Later, I learned that Benny, the person with whom I had broken up, had come into the bathroom and discovered me in the grisly mess I had made. He screamed and ran next door to the neighbors. Well, my neighbor Marianne and a couple of her sons charged in there and took over. They tied my wrists up with cloths and rushed me off to the emergency hospital. I ended up at the Los Angeles County General Hospital.
By the time I got there, I had regained consciousness and I had really gone all to pieces. I didn’t know whether I would live or die. And I was scared. If ever I went through a nervous breakdown, that must have been it. I cried for at least three hours while waiting for some kind of medical attention. The emergency cases were really lined up.
Well, I was sitting there, crying uncontrollably, when someone walked in front of me and stood there for a minute. I was aware of this person, like a shadow before me. This person reached down and stuck a religious magazine into my hands and said, “Here. Some of us care about you!”
I looked up dumbly, and stared at this black woman. Her words hit me like a slap in the face. It snapped me out of my depression, just to hear that someone cared.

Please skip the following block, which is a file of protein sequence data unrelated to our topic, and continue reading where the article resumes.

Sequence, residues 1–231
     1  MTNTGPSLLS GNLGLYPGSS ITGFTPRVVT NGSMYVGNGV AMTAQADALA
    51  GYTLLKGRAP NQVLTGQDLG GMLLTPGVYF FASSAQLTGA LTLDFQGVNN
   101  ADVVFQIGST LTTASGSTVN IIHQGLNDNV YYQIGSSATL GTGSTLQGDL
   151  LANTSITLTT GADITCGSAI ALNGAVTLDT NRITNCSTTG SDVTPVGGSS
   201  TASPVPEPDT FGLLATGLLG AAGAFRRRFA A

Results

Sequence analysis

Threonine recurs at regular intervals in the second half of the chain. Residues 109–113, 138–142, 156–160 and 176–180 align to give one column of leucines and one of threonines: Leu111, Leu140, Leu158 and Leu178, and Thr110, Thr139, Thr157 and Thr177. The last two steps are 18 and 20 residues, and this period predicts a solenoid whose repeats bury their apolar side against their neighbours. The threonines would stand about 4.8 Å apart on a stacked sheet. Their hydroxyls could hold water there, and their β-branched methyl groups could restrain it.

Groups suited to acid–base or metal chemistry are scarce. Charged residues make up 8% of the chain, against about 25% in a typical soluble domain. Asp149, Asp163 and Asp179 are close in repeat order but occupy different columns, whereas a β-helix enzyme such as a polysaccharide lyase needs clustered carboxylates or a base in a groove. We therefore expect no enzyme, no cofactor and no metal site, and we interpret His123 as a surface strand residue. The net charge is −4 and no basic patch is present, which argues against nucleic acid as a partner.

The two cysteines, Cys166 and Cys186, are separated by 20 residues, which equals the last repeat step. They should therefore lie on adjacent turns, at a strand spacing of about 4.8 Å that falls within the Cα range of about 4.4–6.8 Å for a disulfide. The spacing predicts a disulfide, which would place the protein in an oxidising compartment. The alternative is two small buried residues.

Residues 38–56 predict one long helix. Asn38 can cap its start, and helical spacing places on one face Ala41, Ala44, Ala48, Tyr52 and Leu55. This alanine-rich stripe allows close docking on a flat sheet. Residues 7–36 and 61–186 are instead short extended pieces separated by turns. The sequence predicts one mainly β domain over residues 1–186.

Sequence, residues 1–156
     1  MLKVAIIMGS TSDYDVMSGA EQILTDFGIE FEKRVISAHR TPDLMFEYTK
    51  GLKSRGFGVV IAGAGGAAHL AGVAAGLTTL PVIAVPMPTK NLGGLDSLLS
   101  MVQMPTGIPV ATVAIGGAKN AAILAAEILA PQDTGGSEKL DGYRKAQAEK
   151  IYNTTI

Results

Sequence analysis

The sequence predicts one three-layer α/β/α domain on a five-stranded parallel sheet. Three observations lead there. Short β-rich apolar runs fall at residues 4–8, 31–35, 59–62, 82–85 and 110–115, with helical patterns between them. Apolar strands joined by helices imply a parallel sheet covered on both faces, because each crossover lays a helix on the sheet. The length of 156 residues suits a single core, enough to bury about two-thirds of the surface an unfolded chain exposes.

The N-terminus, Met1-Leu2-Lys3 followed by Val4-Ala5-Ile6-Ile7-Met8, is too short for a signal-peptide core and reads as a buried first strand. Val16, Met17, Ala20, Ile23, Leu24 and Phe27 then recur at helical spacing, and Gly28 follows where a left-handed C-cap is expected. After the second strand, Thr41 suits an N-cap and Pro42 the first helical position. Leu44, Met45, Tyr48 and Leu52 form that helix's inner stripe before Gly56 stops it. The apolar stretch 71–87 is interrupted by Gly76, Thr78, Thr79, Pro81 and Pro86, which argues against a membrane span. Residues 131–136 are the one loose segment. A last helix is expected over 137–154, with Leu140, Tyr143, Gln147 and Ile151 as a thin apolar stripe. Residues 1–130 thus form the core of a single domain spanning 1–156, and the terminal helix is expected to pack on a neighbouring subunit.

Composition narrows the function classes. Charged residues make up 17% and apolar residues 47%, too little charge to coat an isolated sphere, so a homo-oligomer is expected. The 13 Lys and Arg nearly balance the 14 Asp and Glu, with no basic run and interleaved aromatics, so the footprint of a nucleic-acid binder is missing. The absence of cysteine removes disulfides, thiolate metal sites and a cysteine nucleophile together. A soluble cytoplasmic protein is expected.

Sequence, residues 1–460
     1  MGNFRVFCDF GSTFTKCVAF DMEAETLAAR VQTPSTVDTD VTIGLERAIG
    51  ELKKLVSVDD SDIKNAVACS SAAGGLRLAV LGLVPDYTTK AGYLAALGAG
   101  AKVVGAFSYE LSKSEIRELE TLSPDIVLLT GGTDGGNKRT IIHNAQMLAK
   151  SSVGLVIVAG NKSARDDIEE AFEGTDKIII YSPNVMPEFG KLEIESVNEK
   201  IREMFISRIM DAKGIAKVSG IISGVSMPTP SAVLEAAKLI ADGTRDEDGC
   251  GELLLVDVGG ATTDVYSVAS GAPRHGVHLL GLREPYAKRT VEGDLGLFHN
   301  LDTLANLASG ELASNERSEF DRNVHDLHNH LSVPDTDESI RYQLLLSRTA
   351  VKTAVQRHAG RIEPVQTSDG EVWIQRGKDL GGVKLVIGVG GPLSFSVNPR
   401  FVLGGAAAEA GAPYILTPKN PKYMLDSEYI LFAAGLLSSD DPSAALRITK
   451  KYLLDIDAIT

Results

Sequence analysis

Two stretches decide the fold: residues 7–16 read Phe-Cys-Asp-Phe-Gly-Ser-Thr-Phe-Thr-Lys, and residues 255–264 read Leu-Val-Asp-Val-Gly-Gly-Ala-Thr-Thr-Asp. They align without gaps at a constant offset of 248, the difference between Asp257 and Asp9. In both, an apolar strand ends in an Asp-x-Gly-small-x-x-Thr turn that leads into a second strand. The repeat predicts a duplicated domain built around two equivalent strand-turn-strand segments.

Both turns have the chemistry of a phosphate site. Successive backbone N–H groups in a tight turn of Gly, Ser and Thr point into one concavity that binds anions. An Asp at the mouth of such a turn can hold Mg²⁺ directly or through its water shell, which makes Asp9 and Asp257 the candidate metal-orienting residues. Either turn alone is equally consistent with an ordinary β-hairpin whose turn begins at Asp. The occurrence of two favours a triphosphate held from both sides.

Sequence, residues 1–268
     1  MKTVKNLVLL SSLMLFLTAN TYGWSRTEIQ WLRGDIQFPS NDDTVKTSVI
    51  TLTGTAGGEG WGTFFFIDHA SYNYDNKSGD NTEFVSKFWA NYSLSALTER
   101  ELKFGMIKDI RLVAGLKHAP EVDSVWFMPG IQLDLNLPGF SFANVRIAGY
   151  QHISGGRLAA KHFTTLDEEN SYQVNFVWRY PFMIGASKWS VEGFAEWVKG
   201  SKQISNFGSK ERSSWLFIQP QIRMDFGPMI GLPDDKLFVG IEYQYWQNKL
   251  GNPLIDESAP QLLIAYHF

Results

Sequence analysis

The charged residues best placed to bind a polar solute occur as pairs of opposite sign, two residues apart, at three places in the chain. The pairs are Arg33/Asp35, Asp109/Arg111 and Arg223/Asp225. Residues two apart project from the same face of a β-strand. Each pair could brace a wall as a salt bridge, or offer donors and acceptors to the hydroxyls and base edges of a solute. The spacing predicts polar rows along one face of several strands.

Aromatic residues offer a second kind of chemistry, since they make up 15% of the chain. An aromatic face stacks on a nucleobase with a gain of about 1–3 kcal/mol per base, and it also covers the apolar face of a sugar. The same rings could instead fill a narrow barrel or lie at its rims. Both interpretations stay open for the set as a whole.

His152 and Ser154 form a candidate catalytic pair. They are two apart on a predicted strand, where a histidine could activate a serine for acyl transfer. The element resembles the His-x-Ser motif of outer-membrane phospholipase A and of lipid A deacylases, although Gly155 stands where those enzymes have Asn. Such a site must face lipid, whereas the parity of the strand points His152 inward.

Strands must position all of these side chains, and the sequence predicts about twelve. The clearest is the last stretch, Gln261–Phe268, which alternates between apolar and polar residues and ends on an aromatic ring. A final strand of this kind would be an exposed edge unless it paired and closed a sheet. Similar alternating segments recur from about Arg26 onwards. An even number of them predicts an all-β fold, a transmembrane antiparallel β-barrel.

Then the woman turned and left. I never knew her name, but when I was aware that she had gone, I remembered God. My mind started working, just like someone had thrown a switch inside it. I finally recalled that I had forgotten all about God. There was still God. It had been so long since I really knew absolutely that God did exist.
I stopped crying, I looked at my soggily bandaged wrists and said, “All right, Lord, I’ve made some terrible mistakes. You just help me with them.” I felt a weight go out of my life. My whole attitude toward God and death and life had shifted. I knew that God cared about me and that God was with me, all the way – wherever that would lead me.